When I wrote my original article, I was frankly not expecting to enter a prolonged dialogue. I was intending to intimidate what I hastily assumed was a Bible-thumping troll. To quote a venerable proverb, “‘assume’ makes an ass out of ‘u’ and ‘me.’” This erroneous assumption accounts for my intent to be annoying and for my unprofessionalism in the last paragraph, which I will admit were pretty inexcusable, and for which I would like to publicly apologize. (I already privately apologized to Fowler and thus by proxy to Erdvig via email.) As noted by Fowler, Erdvig has not yet written his own response to my essay, or at least has not told me or Fowler about it. Fowler, however, has written a pretty dispassionate critique[i] of my essay “Against Transphobes”; I will address his critique here.
In my use, the word “evangelical” means most broadly Protestant Christians in general, but most especially those who are not Pentecostal, and who base their faith mainly on some reading of an English Bible minus the Apocrypha, not on spontaneous or invoked revelations of the spirit. This is still a rather broad definition, including Episcopalians, Presbyterians, Methodists, and Southern Baptists, all of whom have often widely differing beliefs on a variety of doctrinal and social issues. I would welcome a glossary of sub-types of Protestant Christianity, from an emic perspective.
Fowler cites his definition of the evangelical Christian worldview on transgenderism: “one that is less interested in making people comfortable in their choices or situations and more interested in addressing what to us seems like a tragic condition. It seems strange to simply accept that a little girl has begun to identify as a little boy and not try and find reasons for it. Why? Because our worldview says that God has not made people this way. So, since that is what we firmly believe, we look for solutions; for answers. The idea that gender is “by definition . . . a psychological concept” is a strange idea to us and one we cannot accept.”
I must admit that I find this approach problematic. First, it seems to imply that one should seek to find the root of a problem, but then not pursue a viable solution. It is all well and good to seek the causes of transgenderism, if only to eventually be able to prevent anyone from ever having to suffer gender dysphoria in the future, but what about aiding those who currently have it? To use an analogy, if some heinous oversight in safety procedures caused a massive industrial fire, one would obviously amend the regulations, but still treat the burn victims. To do either, but not the other, would be illogical and inhumane. So far as we know, gender cannot be externally changed, or even consciously internally, though some individuals do experience some gender fluidity (more on that later). If gender could be externally changed, we would be psychologically curing dysphoria instead of having patients undergo expensive (and often not covered by insurance) surgeries and hormone treatments. If gender could be externally changed, any other treatment for dysphoria would be malpractice. So far, the most likely etiology of transgenderism is prenatal hormone imbalances. I have already expanded on this topic, with endnotes, in “Against Transphobes.” The problem is that a complete etiology may be impossible to establish: It is obviously impossible to interview infants, and while gender identity may be formed in the womb, the way to express that gender is certainly learned after birth. Whether or not an etiology can be established, however, treatment must still be provided. A doctor does not withhold ibuprofen for a fever until all the lab tests come back.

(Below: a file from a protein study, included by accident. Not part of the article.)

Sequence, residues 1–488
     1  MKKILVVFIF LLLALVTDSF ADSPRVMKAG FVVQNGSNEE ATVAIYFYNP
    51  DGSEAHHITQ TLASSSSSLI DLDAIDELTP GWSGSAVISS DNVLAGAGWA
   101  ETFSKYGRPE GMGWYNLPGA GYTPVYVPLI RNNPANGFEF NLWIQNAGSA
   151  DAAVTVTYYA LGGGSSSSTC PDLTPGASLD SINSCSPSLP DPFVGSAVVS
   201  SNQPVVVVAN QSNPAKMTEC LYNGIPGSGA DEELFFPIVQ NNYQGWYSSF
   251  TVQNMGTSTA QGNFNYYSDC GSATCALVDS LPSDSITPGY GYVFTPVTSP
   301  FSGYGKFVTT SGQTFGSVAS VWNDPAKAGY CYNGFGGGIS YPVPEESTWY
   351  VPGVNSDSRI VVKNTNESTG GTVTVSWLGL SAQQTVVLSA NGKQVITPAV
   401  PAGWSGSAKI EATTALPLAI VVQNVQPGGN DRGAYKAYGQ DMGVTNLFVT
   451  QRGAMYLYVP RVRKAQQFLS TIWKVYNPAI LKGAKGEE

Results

Fowler’s quibbling over the introduction of the semantic difference between “gender” and “sex” is completely irrelevant. To imply its relative recency or its being “a strange idea to us ” as a reason for devaluation is the classic chronological fallacy. Incidentally, the semantic difference, as found in the gender studies field, officially dates from a 2001 Institute of Medicine recommendation for making journal articles less confusing[ii]. Too many physiological studies were using the term “gender” to mean physical sex, which could result in interpretations relying too much on social issues and not on direct physiology. It was only a couple years later that the distinction became extremely crucial in transgender studies. However, terminological difference had been postulated as early as 1978[iii], and implied before that.
[i] Fowler, Scott. “In response to a response from crazyqueerclassicist.” CCITHINK, 2 April 2013. Web. 4 April 2013.
[ii] Minson, Christopher T. and Torgrimson, Britta N. “Sex and gender: What Is the Difference?” Journal of Applied Physiology, Vol. 99 no. 3 (September 2005). Digitized 13 September 2011. Accessed 4 April 2013. Search terms: “use of gender and sex as different concepts.”
[iii] Kessler, S., & McKenna, W. (1978). Gender: An Ethnomethodological Approach. New York: John Wiley & Sons.